As for the shield in your link, it was engineered as a heat shield, like if you need to install in proximity to say... the exhaust. It may work for you, but I won't bet on it.

Maybe I built mine too strong, but i'd rather be over protected..., even @ a reduction of gained performance.

All statements based on first gen us focus design....
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Old 05-10-2010, 01:52 AM   #24
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Above I wrote tax support, I meant rad support. I am using a Android phone to write these lately, and the word listings it includes aren't really complete, especially involving auto terms. And also messes up key entry here and there. And random punctuation.
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Old 05-10-2010, 09:09 AM   #25
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I understand what you're saying, but I think an objective look at your filter even with this shield installed during heavy rain will reveal that it is indeed still getting very wet. Maybe the major difference here is the SVT foglights vs. standard Focus foglights, but on my car (SVT) I did have a plexiglass shield covering the same area with an AEM CAI installed, and the filter still got wet during heavy rain. There is definitely a significant enough amount of water coming off that driverside foglight and from above that the shield I posted above is necessary. If hitting standing water causes splashing, then perhaps both pieces are necessary. In my opinion though, something that covers just the filter itself would be more practical than a full undertray, since you need to install a shield around the filter anyway.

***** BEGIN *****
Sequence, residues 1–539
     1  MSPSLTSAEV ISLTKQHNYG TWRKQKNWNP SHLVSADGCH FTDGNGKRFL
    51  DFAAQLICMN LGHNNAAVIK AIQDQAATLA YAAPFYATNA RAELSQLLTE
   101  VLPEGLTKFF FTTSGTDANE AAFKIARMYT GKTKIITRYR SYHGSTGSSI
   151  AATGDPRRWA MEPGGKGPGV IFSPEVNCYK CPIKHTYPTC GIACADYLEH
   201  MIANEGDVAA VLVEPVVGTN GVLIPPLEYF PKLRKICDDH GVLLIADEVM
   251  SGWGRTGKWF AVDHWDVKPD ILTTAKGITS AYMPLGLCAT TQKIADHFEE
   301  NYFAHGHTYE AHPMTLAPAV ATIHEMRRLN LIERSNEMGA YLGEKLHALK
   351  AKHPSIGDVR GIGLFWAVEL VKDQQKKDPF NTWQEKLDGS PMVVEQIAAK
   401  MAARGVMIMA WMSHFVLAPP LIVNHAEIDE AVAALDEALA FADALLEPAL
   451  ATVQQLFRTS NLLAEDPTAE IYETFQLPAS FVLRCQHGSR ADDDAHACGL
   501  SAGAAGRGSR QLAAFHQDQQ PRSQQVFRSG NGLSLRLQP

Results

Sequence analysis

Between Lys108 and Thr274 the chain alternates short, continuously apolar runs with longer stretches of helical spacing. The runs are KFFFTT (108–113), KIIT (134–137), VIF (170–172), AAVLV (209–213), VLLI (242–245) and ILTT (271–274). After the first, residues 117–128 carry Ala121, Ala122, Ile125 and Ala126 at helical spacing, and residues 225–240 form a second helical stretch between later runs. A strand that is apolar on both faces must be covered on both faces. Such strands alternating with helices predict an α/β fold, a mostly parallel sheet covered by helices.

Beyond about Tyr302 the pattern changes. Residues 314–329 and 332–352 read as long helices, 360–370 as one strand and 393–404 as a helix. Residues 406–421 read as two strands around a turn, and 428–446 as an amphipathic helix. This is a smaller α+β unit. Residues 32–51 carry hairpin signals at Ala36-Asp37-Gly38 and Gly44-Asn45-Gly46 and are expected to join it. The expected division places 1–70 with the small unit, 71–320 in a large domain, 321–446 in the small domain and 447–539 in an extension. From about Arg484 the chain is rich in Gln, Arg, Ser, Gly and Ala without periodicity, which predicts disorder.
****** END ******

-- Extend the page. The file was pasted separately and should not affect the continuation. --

This was my setup... the hole was originally used with an airbox scoop from a standard Zetec, but I covered it over. It didn't make any difference in how wet my filter got.
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Old 05-17-2010, 12:54 AM   #26
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A wet filter is going to happen when driving in misty conditions regardless of shields, unless you are pulling cabin air.
Even a stock filter likely will get damp.
I have no foglights (yet), but other than that, it is basically the same for all first gen.
Your plexi shield is essentially the same as what I built. Except my car didn't come with the plastic panel behind the bumper, so my panels are engineered to cover that purpose too.

As I stated prior, a little water is fine, just a little....

When you go cold air, you take risks.